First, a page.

Widow seeks deceased husband’s 'secret assets'

Thursday, 02 April 2015

The widow of property developer Jack Dellal is bringing a family provision claim against his estate under the Inheritance (Provision for Family and Dependants) Act 1975, even though she is the sole beneficiary of his will.

Ruanne Dellal claims that the GBP15.4 million of assets declared in her husband's inheritance tax return is only a tiny fraction of his true estate. He put away most of his assets in secret trusts, bank accounts and gifts to his children from other relationships, she says.

The roots of Ruanne Dellal's claim lie in her husband's career. He was born in 1923 into a Jewish émigré family in Manchester, where he worked as a salesman in the textile industry. He soon began speculating in local property, and by the 1970s had become a well-known businessman in the City of London, where he made huge profits from various high-risk property deals. By 2012, the Sunday Times Rich List estimated his wealth at GBP445 million.

He married twice. The first marriage, in 1952, produced five children (one now deceased). The second, to Ruanne in 1997, produced two more. He also had two other children by an extramarital relationship.

Dellal died in October 2012 aged 89. His final will, executed in 2006, left virtually his entire estate to his widow. However, the assets comprising his disclosed estate, as declared by Ruanne Dellal to HM Revenue and Customs, amounted to GBP15.4 million. It included minimal cash and no business assets.

Ruanne Dellal considered that this was an 'absurd' presentation of the true scale of his personal wealth at his death. If it really did represent the extent of his possessions, he must have secretly given most of it away before his death, she said.

She has therefore launched a claim under section 10 of the Inheritance Act 1975, which includes provisions to counter lifetime dispositions made by testators in order to defeat the purpose of the Act. Sections 8 and 9 of the 1975 Act deem the deceased's estate to comprise not just the actual death estate, but also any other assets given away within six years of the death to frustrate a claim under the 1975 Act. If the court finds in the claimant's favour, the persons who received these gifts (or their trustees) may be ordered to give back an equivalent sum of money to the estate in order to satisfy the claimant's demands.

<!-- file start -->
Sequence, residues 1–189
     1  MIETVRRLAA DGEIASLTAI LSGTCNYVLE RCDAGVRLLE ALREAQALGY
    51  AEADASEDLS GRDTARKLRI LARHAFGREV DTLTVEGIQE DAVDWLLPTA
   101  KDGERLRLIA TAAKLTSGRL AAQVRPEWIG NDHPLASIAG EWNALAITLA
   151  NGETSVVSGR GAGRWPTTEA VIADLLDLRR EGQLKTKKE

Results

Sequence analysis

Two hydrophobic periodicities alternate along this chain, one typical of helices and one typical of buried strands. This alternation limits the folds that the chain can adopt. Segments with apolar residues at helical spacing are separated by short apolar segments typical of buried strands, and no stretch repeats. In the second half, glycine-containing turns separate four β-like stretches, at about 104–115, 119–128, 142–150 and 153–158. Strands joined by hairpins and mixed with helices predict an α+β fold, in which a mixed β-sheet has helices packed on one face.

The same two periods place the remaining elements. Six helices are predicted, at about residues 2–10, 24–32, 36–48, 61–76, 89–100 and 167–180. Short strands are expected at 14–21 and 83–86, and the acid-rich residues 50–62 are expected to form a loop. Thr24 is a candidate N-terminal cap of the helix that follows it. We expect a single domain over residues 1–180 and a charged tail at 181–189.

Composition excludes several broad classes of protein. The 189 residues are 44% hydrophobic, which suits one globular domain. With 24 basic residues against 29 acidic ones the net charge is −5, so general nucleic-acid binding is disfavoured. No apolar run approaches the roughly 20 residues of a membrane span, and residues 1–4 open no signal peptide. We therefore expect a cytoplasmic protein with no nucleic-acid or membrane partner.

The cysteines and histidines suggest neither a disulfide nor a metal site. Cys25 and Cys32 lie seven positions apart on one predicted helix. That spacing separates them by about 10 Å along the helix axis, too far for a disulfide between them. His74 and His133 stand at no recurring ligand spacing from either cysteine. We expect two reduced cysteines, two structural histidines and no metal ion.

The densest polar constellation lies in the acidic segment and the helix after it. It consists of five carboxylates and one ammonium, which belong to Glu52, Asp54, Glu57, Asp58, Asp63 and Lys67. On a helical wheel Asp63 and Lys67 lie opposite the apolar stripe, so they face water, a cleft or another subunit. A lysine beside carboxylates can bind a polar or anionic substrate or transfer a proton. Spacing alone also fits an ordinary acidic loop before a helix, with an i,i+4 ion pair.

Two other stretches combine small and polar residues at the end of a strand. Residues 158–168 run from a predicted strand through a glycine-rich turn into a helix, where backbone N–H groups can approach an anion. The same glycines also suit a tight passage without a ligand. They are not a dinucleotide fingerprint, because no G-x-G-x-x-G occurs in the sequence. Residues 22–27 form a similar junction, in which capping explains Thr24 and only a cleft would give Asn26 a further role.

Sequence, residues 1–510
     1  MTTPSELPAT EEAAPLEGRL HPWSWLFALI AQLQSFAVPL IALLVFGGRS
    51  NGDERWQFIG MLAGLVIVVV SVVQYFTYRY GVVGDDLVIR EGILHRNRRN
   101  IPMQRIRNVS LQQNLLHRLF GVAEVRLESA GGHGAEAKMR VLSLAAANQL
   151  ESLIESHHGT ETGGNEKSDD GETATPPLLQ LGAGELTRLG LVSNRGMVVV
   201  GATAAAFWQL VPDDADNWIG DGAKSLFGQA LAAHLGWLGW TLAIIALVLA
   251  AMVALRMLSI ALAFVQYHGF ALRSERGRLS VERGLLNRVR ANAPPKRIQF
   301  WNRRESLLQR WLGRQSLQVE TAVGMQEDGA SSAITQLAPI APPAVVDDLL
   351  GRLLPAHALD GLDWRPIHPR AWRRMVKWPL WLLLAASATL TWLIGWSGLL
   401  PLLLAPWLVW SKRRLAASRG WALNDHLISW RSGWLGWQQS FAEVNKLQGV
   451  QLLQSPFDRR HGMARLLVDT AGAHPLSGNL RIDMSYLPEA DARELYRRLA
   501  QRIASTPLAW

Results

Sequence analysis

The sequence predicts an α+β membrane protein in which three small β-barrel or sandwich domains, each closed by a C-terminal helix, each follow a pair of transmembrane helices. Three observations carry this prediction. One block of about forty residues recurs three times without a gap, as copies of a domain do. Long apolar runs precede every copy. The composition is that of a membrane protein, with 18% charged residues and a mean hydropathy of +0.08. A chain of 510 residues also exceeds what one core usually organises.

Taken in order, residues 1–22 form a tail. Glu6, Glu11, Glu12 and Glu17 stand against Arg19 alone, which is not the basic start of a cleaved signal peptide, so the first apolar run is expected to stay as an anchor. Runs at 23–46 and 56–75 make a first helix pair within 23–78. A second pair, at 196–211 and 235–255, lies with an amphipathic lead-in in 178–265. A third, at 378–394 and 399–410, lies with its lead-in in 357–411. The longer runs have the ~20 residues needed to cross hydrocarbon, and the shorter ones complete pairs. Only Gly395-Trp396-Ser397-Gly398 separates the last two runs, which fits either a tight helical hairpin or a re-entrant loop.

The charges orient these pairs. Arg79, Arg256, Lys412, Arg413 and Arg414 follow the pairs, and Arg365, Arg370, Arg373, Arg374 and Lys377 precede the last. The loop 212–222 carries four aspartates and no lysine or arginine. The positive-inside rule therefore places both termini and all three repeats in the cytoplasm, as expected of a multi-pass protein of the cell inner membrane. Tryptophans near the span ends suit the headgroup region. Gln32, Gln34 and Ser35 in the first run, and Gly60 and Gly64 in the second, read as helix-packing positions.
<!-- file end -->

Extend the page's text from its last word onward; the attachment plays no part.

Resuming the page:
Ruanne Dellal's case is based on an analysis of some of her husband's business dealings. For example, soon after their marriage in 1997, he transferred all his remaining shares in his business, Allied Commercial, to his then living children. At that time the company was worth GBP56.4 million. Moreover, it is claimed that there was evidence that the family members conducted substantial transactions through single purpose vehicles, possibly trusts. There was also a Panamanian company that apparently handled all the cash used in Dellal's property deals.

Mrs Dellal also told the court that her husband had told her that he had a 'secret stash' of money, which she believed to be GBP50 million.

The defendants to Ruanne Dellal's claim are Jack Dellal's children by his first wife and by another woman, and his sister. They applied to the England and Wales High Court to have her claim summarily dismissed without a trial, largely because she had not identified any disposition to any of them within the six-year time limit before his death. They also said she had not established any 'bad motive' as is required by the 1975 Act, and she was in any case so wealthy that the 1975 Act did not apply to her case.

The judge, Mostyn J, was sceptical about Ruanne Dellal's estimates of her husband's true wealth, noting that rich lists are not reliable sources of information. He also noted that the evidence that outright dispositions were made to the defendants during the six-year period was very thin, and the claimant's case in this regard is almost entirely inferential.

However, he declined to strike out her claim. 'In my judgment the claimant has put up a strong prima facie case that at his death Jack had access to very considerable resources[...]It is a reasonable inference that most were held in trusts.'

The key questions, then, became whether these trusts really exist and if they were established within the six-year time limit. Mostyn J ordered the defendants to disclose any documents relevant to this. He adjourned the application for summary judgment until the disclosures had been made. The application to dismiss Ruanne Dellal's case will then be reconsidered (Dellal v Dellal & Others, 2015 EWHC 907 Fam).



The content displayed here is subject to our disclaimer. Read more